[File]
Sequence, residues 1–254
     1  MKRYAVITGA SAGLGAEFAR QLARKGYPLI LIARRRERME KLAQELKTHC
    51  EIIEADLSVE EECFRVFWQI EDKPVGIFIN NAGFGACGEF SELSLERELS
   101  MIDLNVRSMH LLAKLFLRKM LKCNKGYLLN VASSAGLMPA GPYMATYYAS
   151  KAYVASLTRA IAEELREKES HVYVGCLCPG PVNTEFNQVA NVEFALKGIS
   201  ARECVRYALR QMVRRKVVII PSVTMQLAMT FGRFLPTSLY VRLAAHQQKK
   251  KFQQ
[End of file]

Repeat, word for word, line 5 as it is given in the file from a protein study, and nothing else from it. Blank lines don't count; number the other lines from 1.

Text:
   151  KAYVASLTRA IAEELREKES HVYVGCLCPG PVNTEFNQVA NVEFALKGIS